Sunday, November 1, 2009

"I have a Mac" as an excuse to not learn something

I realize that Macintoshes are very nice computers. I actually own one and have had them for a long time, but since most of the world runs on Windows, I have one of those, too, and use Windows each day at work. I don't think a week goes by where somebody doesn't have a problem with a public Intarwebs computer or with the catalog and, when I try to walk them through the process, they interrupt me and say, "I have a Macintosh."
I'm never entirely sure what this is supposed to mean. On the surface, it sounds and looks like, "Silly peasant, I shan't soil my delicate fingers on this task. You, my minion, shall do it for me." Or maybe it's slightly apologetic? I remember trying to use Windoze when I was a Mac-only guy and hated being, functionally and temporarily speaking anyway, an idiot. But I don't remember hiding behind a claim of operating system superiority as reason not to know something.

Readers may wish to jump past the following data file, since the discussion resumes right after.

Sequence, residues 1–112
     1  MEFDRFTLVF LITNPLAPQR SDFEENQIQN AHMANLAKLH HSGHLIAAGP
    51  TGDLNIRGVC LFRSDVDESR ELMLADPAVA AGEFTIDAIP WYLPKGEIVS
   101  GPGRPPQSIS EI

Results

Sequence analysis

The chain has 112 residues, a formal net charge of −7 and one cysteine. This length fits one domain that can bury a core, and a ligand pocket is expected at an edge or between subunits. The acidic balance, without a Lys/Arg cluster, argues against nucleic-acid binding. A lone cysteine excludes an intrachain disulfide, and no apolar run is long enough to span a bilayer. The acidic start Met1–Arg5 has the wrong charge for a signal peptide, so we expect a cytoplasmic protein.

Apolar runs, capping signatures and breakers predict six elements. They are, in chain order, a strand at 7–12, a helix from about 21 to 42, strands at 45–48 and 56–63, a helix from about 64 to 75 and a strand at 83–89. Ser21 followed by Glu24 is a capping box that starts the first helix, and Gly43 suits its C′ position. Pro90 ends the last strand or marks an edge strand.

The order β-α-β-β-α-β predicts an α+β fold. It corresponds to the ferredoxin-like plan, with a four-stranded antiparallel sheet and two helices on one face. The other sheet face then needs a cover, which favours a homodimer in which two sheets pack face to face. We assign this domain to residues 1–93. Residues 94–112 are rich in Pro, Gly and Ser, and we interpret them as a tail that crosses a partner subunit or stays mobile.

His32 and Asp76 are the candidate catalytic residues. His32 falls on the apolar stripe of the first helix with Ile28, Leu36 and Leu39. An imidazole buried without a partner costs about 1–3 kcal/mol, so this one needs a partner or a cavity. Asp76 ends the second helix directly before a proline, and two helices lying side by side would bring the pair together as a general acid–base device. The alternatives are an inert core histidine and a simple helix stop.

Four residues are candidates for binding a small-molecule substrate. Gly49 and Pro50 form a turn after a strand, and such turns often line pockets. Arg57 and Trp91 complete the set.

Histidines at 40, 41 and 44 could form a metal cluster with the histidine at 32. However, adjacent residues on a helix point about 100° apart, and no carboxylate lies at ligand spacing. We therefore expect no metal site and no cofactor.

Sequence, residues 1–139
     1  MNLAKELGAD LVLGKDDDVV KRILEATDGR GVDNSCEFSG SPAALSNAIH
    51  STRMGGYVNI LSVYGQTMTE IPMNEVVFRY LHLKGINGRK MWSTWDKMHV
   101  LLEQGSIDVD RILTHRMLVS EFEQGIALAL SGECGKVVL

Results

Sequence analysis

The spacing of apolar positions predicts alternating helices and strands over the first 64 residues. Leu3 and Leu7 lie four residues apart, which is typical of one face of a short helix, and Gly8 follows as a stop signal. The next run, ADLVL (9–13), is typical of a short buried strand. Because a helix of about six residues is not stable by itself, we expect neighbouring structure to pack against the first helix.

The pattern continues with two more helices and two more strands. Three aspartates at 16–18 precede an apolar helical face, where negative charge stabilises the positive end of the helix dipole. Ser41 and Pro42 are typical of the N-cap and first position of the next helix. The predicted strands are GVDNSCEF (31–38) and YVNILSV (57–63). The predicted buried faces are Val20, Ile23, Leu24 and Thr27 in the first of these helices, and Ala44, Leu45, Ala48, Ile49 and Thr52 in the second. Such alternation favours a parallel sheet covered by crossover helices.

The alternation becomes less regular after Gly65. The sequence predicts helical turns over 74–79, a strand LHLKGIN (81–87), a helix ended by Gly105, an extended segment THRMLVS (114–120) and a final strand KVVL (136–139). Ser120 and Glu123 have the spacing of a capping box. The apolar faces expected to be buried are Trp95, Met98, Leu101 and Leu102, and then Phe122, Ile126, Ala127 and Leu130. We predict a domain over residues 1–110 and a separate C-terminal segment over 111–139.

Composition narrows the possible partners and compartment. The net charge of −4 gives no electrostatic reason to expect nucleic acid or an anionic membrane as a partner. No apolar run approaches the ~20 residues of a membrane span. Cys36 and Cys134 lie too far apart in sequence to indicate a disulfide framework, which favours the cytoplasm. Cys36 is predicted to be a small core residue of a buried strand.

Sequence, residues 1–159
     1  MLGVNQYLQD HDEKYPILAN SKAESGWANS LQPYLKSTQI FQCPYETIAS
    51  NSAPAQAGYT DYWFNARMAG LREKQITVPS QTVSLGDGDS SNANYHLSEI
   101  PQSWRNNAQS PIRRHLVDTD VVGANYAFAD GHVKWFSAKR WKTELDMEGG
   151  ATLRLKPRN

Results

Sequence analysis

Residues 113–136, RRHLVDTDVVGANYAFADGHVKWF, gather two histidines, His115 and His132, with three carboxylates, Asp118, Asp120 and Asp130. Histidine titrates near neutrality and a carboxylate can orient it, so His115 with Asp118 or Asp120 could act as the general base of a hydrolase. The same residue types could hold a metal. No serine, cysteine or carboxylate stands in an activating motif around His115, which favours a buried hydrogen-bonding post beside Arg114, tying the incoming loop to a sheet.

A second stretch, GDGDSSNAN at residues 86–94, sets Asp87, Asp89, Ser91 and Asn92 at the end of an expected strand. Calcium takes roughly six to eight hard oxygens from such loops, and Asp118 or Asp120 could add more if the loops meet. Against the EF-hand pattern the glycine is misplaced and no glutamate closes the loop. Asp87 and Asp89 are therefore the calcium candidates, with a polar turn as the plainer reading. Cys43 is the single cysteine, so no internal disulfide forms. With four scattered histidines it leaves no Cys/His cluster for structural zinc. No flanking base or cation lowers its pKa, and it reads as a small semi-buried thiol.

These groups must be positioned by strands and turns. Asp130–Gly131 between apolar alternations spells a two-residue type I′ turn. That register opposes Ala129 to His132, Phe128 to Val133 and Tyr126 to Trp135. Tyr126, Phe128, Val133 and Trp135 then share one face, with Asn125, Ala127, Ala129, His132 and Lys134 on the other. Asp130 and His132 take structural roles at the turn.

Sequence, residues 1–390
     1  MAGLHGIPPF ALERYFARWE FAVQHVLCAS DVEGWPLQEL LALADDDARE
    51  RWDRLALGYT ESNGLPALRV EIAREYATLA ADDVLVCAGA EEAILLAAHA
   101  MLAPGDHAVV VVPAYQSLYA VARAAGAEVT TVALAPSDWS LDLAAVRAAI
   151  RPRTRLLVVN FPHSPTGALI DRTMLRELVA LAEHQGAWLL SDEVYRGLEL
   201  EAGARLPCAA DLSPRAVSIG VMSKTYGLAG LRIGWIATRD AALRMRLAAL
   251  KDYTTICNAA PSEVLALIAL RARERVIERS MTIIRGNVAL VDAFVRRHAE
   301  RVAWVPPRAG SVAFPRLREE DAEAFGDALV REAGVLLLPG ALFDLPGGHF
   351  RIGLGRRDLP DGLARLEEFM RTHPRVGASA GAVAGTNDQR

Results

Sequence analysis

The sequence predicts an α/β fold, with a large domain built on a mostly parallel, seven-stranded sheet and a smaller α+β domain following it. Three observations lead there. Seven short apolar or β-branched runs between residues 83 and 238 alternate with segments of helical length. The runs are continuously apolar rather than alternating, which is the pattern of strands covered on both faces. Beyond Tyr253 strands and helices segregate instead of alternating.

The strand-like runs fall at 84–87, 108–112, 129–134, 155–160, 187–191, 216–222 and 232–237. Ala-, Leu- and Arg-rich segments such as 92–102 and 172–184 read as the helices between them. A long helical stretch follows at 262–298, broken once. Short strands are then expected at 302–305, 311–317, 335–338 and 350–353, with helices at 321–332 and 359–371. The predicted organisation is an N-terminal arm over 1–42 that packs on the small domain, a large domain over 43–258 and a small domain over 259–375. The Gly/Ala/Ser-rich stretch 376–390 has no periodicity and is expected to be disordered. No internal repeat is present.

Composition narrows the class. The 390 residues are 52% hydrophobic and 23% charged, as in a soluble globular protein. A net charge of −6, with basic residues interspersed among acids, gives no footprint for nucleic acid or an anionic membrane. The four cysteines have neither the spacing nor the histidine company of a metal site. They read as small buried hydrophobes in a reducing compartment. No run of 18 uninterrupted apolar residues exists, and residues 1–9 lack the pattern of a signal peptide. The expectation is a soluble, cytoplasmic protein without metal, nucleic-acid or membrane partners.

So I end up saying something like "That's cool. Here's how you do it on this computer." I try to not sound mean about it, too.

1 comment:

Dances With Keyboards said...

Or how about "I'm computer illiterate. Can you just show me this web page, then do all the navigating that I need to do, so I don't have to learn what 'point-and-click' means?"

A few times a year I get: "I need to have a resume written by 5PM today." When shown the computer and resources available, the next sentence is: "Oh, I don't know how to type."

Do these same people go into Starbucks expecting coffee with no knowledge of how to hold a cup - and no interest in learning?